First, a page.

E-ISSN 2149-2018 editor@ejmamr.online


Applied Medical Research. 2020; 7(2):(79-84)


The En Masse and the Sequential Retraction Procedures

Mhd Azhar Ibrahim Kharsa

Abstract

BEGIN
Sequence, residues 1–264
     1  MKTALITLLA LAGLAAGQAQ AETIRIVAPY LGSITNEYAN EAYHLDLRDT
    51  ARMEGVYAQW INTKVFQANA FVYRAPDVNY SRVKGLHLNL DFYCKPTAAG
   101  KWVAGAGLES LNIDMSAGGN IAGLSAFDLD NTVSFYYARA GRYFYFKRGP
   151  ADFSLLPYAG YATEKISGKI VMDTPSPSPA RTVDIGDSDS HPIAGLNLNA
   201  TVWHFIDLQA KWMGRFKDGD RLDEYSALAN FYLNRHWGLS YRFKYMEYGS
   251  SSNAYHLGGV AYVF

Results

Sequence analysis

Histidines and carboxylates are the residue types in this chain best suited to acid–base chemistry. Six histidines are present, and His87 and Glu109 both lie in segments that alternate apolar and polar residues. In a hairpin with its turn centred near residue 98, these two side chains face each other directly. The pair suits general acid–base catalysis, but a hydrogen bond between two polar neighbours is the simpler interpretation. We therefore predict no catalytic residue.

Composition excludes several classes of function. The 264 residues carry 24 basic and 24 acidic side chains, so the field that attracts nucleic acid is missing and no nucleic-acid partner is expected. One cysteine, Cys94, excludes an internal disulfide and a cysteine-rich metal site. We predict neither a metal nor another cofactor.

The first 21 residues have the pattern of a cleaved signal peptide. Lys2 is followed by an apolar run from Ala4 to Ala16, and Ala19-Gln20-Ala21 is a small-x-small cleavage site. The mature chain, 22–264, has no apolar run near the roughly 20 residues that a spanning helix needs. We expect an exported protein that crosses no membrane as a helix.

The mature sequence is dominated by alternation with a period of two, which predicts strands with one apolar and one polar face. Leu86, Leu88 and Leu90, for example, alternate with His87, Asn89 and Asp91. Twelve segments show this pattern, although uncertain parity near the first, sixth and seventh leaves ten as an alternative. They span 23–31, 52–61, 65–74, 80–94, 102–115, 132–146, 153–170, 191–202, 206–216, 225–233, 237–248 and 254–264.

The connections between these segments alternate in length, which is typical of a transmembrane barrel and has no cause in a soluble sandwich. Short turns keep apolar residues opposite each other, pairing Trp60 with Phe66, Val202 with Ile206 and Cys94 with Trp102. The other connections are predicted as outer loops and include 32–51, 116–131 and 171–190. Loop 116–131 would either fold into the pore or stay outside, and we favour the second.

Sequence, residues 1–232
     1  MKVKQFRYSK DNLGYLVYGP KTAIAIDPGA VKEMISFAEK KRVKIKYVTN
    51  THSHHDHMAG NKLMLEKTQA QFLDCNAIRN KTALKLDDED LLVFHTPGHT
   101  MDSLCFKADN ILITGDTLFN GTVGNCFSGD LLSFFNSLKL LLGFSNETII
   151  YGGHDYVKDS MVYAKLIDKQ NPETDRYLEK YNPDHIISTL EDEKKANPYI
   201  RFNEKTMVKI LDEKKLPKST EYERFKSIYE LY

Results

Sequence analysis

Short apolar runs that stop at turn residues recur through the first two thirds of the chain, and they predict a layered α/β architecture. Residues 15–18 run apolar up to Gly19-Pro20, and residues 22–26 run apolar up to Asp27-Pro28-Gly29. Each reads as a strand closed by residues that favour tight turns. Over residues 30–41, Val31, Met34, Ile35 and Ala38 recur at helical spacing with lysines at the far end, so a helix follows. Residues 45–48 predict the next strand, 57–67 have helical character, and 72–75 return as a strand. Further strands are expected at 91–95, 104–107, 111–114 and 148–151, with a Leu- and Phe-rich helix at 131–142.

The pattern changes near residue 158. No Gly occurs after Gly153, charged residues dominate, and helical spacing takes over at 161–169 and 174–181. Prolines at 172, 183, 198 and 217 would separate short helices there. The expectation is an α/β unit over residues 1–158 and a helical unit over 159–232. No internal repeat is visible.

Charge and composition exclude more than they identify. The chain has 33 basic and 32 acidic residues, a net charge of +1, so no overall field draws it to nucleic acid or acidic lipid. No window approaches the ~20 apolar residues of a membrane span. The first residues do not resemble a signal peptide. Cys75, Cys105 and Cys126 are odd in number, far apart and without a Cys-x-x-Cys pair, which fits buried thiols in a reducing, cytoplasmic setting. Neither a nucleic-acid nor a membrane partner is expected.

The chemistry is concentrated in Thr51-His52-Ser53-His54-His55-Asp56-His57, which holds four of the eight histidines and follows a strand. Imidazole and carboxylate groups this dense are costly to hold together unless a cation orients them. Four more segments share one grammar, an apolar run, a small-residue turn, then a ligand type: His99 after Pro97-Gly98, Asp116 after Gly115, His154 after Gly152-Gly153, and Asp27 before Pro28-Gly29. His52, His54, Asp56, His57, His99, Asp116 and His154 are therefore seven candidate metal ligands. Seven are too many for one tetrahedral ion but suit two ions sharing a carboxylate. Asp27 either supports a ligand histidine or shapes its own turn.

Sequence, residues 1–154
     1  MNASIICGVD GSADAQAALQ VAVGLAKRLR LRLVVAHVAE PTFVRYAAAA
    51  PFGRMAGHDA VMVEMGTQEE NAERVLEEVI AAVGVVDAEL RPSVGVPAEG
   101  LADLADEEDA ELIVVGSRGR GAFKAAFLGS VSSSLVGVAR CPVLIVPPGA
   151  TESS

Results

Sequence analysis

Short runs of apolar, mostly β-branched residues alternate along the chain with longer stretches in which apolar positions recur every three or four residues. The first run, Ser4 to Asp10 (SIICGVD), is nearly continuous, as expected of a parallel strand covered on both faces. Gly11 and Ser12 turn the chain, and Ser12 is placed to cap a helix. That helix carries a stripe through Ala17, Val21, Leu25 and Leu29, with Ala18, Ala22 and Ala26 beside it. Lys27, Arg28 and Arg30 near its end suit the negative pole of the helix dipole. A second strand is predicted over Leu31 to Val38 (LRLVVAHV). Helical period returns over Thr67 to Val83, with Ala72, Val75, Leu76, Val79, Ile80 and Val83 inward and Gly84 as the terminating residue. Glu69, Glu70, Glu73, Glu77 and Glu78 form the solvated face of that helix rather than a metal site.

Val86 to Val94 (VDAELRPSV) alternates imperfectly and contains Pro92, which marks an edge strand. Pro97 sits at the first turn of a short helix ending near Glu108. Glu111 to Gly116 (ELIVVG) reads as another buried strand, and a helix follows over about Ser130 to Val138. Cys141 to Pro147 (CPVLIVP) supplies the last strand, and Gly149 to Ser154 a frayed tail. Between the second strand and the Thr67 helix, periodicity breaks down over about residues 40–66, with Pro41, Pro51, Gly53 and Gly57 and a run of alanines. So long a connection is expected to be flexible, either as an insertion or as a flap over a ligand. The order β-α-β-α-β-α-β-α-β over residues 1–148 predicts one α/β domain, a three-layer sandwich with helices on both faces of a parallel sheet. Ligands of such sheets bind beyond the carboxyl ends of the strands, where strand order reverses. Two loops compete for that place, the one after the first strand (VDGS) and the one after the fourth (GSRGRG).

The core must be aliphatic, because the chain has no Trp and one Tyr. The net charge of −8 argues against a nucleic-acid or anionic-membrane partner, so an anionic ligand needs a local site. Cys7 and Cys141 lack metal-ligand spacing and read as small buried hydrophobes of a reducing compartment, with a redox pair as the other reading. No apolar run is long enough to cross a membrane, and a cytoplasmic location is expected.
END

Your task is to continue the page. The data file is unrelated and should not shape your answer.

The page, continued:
In this article, the authors discuss two preeminent notions in orthodontics; those are the approaches of “En Masse Retraction” and “Sequential Retraction” in orthodontic cases. The “Sequential Retraction” is identified by retraction of canines firstly, forming one group of retracted canine and posterior teeth in the respective side, then retraction of the incisors. Besides, the approach of “En Masse Retraction” is identified by retraction of the six anterior teeth “as one group”. Sequential Retraction is called “two-phased retraction”, whereas “En Masse Retraction” termed as “one-phased retraction”. Sequential Retraction has been justified for its characteristic of upholding anchorage, while En Masse Retraction is beneficial in keeping the alignment of the anterior teeth during treatment. Sequential Retraction has two phases: Firstly, canines are moved posteriorly, then canines are congregated with the posterior units of second premolars and first molars (in addition to second molars if they are banded) to form one group. Secondly, the anterior four incisors are retracted. Sequential Retraction may cause temporary spaces especially in between lateral incisors and canines what are unwelcome sometimes. In addition, in the first phase of sequential retraction, it is recommended that a “stop” on the mesial of the molar tube be placed (Tweed et al), to “maintain the anchorage” by preventing its “burning” (by a potential movement of the first molar mesially) [1]. Nonetheless, this stop has its own reaction on the pertinent incisors, consequently the incisors move anteriorly little bit, in the canine retraction phase, what in turn, increases the burden on the anchorage units, during the “phase-two” of incisors retraction. In other word, the conception that sequential retraction is more “harmless” towards the anchorage units is gradually becoming a debatable issue. Furthermore, an advantage of the “En Masse” retraction in maintaining the “Leveling of Alignment” of anterior teeth should be taken into account by clinician. By applying the “theory of Optimal Force Values”, (which depends on using continuous low force, as minimal as available, and simultaneously over the due threshold that is sufficient to cause tooth movement), it is available to achieve canines and incisors “en masse” retracted without such an overload onto anchorage segments. As the standpoint would be to apply optimal forces on the anterior teeth, with least counteracted movements onto anchorage units proposing forces dissipation until be below the sufficient threshold for posterior teeth movement.
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